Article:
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William Goldring

1854 - 1919
Landscape architect, and naturalist and President of the Kew Guild 1913
William Goldring arrived at the Royal Botanic Gardens, Kew (1875) where he was in charge of the Herbaceous Department at the word-famous botanical garden.

Goldring served as the Assistant Editor of The Garden (1879), and the Editor of Woods and Forests (1883-1886). His work included many private houses, hospitals, asylums and public parks in England, Wales, India and the United States of America.

William Goldring is associated with three gardens in Lincolnshire, Rauceby Hospital near Sleaford (1900): Doddington Hall near Lincoln and Petwood at Woodhall Spa (1906).1 It is the last garden that the author has undertaken extensive research over the past three years in preparation for a publication on the definitive history of the gardens at Petwood. Goldring had just finished his work at Rauceby in 1906; perfect timing to commence at Petwood. There appears to be no primary evidence for Goldring’s involvement at Petwood unless Guild members are aware of any.

Petwood was an Edwardian country house, now a hotel, built for the furniture heiress, Grace Maple, then Baroness Eckhardstein, between 1905 -06 (fig.1) on a 40 acre acid soil site north of the village. The fame of the gardens arose later c.1912 with the alterations and expansion to the original design, by Harold Peto. The literature knew of a first garden but not of its appearance. Thanks to the commissions of the Baroness to local professional photographer, John Wield, we have photographic evidence of the construction and maturation of that garden from 1906-09. These images are unique. No one else ever had access to these gardens. His extensive archive, the vast majority taken on dry collodion glass plates, are now in the care of the Woodhall Spa Cottage Museum, to whom I thank for permission to reproduce here.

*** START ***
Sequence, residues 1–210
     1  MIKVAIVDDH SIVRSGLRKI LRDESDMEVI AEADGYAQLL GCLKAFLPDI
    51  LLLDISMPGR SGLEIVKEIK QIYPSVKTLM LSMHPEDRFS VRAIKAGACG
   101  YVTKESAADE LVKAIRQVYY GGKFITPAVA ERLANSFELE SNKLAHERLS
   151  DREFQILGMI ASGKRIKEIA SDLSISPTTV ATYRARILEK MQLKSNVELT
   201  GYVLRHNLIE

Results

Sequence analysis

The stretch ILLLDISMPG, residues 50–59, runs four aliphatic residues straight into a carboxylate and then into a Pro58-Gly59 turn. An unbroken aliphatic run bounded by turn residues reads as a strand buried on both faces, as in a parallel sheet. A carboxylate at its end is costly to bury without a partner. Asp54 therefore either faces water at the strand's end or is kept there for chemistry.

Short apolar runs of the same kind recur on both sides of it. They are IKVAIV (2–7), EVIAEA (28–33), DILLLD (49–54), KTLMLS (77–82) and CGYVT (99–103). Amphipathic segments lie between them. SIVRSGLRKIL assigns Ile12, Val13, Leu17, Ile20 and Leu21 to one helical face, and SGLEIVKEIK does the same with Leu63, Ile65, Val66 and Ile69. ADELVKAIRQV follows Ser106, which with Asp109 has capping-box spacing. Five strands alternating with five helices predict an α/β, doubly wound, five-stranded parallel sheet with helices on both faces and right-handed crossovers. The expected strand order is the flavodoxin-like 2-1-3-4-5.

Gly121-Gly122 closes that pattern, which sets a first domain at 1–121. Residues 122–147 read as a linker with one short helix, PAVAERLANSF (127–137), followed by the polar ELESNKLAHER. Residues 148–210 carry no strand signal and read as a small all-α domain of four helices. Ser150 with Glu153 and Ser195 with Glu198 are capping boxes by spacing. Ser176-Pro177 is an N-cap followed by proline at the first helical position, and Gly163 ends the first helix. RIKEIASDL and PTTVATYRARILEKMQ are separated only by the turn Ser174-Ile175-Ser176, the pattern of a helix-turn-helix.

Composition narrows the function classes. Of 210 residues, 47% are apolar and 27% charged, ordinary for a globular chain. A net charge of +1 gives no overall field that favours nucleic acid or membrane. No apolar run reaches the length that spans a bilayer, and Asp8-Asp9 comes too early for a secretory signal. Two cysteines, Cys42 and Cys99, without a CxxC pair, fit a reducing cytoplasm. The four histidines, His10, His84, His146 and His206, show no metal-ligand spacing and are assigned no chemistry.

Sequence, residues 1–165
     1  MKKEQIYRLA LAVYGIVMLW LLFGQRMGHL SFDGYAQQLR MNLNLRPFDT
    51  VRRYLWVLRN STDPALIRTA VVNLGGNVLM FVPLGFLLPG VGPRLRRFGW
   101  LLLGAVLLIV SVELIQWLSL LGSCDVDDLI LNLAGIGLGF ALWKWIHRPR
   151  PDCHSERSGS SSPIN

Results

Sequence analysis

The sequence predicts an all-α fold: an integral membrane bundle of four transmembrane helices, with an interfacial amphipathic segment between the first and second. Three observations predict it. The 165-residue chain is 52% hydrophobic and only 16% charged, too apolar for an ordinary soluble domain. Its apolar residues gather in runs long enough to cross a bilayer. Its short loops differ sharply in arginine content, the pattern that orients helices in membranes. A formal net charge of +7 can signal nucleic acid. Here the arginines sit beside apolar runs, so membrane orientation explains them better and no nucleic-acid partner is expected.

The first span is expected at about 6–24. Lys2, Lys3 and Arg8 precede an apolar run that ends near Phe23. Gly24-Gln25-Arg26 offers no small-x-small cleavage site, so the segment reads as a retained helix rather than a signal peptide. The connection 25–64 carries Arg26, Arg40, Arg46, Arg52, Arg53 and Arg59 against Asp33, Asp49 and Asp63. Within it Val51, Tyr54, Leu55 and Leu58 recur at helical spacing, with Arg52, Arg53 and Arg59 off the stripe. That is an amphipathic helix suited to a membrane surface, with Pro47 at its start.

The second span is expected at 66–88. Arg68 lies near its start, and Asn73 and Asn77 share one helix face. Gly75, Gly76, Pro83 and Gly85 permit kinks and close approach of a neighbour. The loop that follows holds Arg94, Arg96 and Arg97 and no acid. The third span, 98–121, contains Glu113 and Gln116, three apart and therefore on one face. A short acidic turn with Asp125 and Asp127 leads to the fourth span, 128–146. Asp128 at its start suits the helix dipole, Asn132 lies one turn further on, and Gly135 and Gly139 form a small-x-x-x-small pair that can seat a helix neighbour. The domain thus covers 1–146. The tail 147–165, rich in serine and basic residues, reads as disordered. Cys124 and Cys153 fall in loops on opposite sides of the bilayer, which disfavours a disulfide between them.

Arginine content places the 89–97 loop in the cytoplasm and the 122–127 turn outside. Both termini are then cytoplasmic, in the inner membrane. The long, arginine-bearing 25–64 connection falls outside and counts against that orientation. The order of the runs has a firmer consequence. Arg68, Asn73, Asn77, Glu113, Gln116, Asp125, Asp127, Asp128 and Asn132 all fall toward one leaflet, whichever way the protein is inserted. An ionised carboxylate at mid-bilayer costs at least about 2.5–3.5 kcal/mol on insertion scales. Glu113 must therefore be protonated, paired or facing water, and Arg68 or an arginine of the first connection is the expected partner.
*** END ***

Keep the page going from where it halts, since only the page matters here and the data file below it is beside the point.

The plan of this first garden is shown schematically in fig.2. It can conveniently be divided into three sections. To the north of the house was an area of birch and scrub called the ‘Rough’. This was turned into a series of decorative walks, all lined by two rows of rhododendrons (fig.3) The author has identified three definite walks with the possibility of a fourth.

To the west of the house were two features, the first and most northerly was the Pergola Lawn, in reality a grass tennis court bordered on three sides by an elaborate rustic pergola supporting a profusion of climbing roses (fig.4), backed by large borders of seasonal planting in two apses placed north and south. South of the Lawn, was initially, an informal area for sitting with temporary plantings. Within 12 months this was formalised as a Sunken Garden with delightful gateways and more permanent planting of topiary and rhododendrons (fig.5)

The South Garden was in essence a huge lawned area bisected by a Central Path extending from the terrace adjacent to the house, to the focal point of a thatched summerhouse at the southern border of the garden. The path was flanked by chain linked fencing, bearing climbing roses. It was expanded near the house by a sundial lawn and at the summerhouse end by a Round Pool with a simple classical vase as a decorative feature (fig.6). The Pool and its east and west pathways were bordered with the same rustic pergola as on the Pergola Lawn. To the east was a Serpentine Walk with five huge hoops supporting roses. The lawns either side of the path were used for, croquet on the east and for statement planting of pines, palms and topiary on the west. A more formal area of topiary flanked the sundial lawn.


He is responsible for work on nearly 700 different garden landscape projects in England alone – Ed. (

Nicholas Duke-Cox.